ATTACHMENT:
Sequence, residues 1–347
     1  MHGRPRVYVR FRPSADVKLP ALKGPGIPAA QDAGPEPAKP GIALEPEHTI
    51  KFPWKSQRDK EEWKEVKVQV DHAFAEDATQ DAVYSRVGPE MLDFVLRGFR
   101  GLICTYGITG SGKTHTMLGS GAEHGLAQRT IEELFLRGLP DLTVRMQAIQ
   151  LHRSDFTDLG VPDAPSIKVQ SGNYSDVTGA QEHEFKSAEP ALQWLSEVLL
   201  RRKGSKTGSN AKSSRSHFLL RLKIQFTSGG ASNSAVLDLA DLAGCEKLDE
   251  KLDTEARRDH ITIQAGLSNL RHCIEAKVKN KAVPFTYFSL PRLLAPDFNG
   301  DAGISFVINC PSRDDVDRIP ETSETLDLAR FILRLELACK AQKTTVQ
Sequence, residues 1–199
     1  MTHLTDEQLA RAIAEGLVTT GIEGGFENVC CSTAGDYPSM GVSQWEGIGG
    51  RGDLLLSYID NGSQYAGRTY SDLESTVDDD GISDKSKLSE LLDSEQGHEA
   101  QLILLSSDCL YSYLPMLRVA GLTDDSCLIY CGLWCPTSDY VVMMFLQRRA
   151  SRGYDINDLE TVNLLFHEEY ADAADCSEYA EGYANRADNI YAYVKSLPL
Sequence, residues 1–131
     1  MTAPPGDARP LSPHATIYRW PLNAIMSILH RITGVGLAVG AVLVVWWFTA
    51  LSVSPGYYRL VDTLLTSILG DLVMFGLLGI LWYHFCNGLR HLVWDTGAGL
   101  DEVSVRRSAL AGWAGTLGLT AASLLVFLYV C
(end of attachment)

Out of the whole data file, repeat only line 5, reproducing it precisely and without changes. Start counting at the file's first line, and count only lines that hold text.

   151  LHRSDFTDLG VPDAPSIKVQ SGNYSDVTGA QEHEFKSAEP ALQWLSEVLL